Another factor of difference was the absence of any reference to the welfare measures taken by the government to help vulnerable sections tide over the Covid-19 pandemic. Initiatives such as the PM Garib Kalyan Yojana, which promised free foodgrains to 80 crore poor people (for three months initially but extended subsequently), as also the government’s efforts to ramp up the country’s health infrastructure, have formed a thrust area for some of Modi’s addresses on the subject.
As he said on 14 April 2020, “We are making rapid progress in ramping up health infrastructure. From having only one testing lab for coronavirus in January, we now have more than 220 functional testing labs. Global experience shows 1,500-1,600 beds are required for every 10,000 patients. In India, we have arranged over 1 lakh beds. Not only this, there are more than 600 hospitals that are dedicated for Covid treatment. As we speak, these facilities are being increased even more rapidly.”
The theme was also evident in Modi’s 30 June speech.
He said “there is another big thing that has surprised the whole world”, and then cited the free rations scheme.
On Tuesday, he just touched upon advances made by India in tackling Covid-19, without going into numbers, describing how the country has bolstered its capacity to test, as well as its knowledge about the disease, in a short time. “Today our doctors have gained expertise in treating Covid-19, they are saving more and more lives. Today we have a large amount of PPE kits, a large network of labs and we are continuously increasing our testing capacity,” he said.
The role of states
The speech on 20 April had a greater focus on the Modi administration’s expectations from state governments, with the PM saying they need to play a pivotal role in not only containing the disease, but also looking after the migrant workers and rolling out vaccines.
“With the efforts of the states and the central government, workers will also get vaccines faster. My request to the state administration is to keep the trust of the workers alive, urge them to stay where they are,” he said, adding that states should help workers believe they will be vaccinated in cities and their work will not stop.
In some of the previous speeches, like the ones on 14 April and 30 June, the role played by state governments in the Covid crisis was lauded, but it was kept brief.
On 14 April, Modi said, “The state governments of the country have… acted with great responsibility in this, managing the situation round the clock. But friends, the way the corona pandemic is spreading amidst all these efforts has made health experts and governments around the world even more alert. I have been in continuous touch with the states on how the fight against corona should progress in India. Everyone has suggested that the lockdown should be continued. Many states have, in fact, already decided and declared to continue the lockdown.”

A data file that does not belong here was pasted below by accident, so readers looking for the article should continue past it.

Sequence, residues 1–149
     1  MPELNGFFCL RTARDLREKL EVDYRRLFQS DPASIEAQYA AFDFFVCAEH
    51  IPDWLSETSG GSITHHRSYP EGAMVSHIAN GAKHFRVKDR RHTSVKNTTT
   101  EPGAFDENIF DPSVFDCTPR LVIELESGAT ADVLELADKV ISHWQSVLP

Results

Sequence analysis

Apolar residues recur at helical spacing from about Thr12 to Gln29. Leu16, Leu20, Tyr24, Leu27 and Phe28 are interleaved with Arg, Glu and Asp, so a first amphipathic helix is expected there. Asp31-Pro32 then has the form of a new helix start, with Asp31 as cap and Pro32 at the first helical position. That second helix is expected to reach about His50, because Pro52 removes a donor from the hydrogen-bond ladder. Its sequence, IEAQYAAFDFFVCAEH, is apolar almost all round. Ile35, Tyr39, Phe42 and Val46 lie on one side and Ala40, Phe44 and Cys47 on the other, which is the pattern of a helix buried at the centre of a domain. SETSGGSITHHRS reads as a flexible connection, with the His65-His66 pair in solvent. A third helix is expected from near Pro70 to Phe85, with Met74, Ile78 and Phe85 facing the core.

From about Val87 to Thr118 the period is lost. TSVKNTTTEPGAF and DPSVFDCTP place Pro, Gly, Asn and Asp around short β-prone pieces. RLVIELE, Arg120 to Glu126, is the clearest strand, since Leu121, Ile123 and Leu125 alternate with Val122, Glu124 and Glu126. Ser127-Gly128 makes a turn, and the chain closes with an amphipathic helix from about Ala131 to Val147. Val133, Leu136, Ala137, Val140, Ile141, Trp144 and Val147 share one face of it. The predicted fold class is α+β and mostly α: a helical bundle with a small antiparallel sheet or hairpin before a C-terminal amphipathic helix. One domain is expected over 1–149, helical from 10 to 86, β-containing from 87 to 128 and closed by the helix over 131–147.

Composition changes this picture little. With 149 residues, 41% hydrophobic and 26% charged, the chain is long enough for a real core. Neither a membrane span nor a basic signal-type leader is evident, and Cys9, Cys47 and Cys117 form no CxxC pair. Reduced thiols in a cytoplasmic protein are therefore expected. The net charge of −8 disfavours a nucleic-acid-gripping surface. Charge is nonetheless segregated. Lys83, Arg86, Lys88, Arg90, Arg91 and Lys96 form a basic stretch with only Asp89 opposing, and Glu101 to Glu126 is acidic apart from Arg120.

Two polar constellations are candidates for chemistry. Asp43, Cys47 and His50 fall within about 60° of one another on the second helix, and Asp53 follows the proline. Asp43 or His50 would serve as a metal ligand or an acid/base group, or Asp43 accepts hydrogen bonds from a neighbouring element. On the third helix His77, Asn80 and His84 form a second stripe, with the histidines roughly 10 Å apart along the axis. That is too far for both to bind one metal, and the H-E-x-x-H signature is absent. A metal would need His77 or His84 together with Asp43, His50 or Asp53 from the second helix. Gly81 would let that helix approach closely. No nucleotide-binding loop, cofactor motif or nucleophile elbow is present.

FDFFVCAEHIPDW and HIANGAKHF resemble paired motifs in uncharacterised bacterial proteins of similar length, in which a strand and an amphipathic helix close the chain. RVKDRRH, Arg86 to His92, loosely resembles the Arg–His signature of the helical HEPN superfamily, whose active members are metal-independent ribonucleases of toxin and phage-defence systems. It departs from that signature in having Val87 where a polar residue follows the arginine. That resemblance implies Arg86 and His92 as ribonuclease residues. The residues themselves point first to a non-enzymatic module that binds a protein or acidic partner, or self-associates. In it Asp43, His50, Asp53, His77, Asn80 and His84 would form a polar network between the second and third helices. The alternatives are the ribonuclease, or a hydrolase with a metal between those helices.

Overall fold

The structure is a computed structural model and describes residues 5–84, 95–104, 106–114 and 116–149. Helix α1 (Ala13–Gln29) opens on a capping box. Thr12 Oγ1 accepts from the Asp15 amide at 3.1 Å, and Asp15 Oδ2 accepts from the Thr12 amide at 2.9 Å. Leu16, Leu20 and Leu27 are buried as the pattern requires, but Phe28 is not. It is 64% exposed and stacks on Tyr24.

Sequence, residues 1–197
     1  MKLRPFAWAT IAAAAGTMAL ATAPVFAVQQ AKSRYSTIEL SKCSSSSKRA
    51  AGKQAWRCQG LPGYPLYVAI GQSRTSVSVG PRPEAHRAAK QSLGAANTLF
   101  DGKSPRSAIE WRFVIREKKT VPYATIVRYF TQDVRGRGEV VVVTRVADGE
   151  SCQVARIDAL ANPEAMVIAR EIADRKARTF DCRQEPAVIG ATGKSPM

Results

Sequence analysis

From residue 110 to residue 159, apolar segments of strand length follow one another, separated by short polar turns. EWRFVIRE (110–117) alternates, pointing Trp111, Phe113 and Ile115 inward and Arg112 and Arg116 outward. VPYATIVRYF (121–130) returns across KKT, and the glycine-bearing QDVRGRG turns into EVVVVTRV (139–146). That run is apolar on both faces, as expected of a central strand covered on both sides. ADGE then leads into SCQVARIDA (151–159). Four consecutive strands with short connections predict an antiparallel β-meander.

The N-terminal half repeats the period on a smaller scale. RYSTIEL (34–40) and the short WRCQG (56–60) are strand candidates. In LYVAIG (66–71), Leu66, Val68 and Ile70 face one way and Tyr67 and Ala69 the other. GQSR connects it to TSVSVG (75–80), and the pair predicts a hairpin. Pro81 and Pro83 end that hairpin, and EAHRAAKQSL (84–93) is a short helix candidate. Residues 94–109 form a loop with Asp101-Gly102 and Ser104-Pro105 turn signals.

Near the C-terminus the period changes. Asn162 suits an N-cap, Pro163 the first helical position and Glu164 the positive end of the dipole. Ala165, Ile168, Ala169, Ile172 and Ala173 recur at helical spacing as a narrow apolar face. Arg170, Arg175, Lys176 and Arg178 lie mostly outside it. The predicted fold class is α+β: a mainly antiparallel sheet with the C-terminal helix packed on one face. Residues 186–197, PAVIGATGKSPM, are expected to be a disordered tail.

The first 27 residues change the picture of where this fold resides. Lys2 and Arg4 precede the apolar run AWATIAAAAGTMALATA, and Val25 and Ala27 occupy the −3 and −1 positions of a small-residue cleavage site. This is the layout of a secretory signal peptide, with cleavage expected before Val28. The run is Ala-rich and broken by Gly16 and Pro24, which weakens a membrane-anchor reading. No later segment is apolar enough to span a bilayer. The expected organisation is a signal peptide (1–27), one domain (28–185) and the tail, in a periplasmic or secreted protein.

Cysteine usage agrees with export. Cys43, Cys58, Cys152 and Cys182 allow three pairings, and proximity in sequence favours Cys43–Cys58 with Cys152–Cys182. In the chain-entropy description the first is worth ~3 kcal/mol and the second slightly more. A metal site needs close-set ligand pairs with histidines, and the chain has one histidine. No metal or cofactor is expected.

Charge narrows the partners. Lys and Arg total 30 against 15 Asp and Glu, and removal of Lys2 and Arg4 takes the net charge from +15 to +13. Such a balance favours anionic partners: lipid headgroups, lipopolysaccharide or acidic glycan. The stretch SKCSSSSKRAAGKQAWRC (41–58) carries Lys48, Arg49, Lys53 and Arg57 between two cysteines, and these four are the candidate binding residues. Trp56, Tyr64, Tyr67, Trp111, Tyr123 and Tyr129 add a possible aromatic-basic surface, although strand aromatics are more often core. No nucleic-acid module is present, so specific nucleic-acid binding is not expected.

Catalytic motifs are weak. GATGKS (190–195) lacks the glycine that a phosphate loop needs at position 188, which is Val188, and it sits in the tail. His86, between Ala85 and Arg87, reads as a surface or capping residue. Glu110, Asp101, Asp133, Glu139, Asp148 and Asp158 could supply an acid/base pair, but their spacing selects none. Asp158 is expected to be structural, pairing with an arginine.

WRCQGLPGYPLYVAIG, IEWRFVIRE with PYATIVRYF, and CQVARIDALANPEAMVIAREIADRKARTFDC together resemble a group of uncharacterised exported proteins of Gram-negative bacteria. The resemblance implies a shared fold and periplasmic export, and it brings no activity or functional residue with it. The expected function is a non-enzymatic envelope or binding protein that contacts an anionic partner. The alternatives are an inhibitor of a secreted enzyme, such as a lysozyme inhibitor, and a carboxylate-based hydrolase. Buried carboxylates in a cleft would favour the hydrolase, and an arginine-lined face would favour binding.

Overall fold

“Friends, the nation’s top priority during the lockdown was to ensure that no one remains hungry. Central government, state governments, civil society, all did their best… to ensure that no one goes to bed hungry,” he said on 30 June.
One standout point in the speech was Modi’s message that lockdowns be imposed only as the last resort. This came after some states/UTs — including Maharashtra and Delhi — imposed varied degrees of lockdowns over the past month to check Covid-19 cases.
“In today’s situation, we have to save the country from lockdown. I would also request the states to use lockdown as the last option,” he said.
Just as he did on 12 May, Modi started his address Tuesday by offering condolences to all those who lost their lives in the pandemic. However, this time, he added that we must not lose “patience”.
The significance of festivals
One of Modi’s speeches, the one in October last year, came on the cusp of the festival season, and it was something he factored in as he addressed the nation.
“Stay healthy, move ahead at a fast pace and we all together should take the country forward. With these best wishes, I once again greet all the countrymen on the occasion of all the festivals including Navratri, Dussehra, Eid, Deepawali, Chhath Puja and Gurunanak Jayanti,” he said.
On Tuesday, however, he delved deeper into the significance of the two festivals under way: Navratri (13 April to 21 April) and Ramzan (13 April to 12 May).
“Today is the last day of Navratri. Tomorrow is Ram Navami and Maryada Purushottam Shri Ram’s message to all of us is that we should follow the norms. In this crisis of corona, please follow all the measures to avoid getting infected. Never forget the mantra of medicine as well as rigour,” he said.
“This mantra is necessary, it is also necessary after a vaccine. Today is also the seventh day of the holy month of Ramzan. Ramzan teaches us patience, self-control and discipline,” he added.
(Edited by Sunanda Ranjan)
Also Read: How govt’s sunny Covid posturing, with some number jugglery, set stage for second wave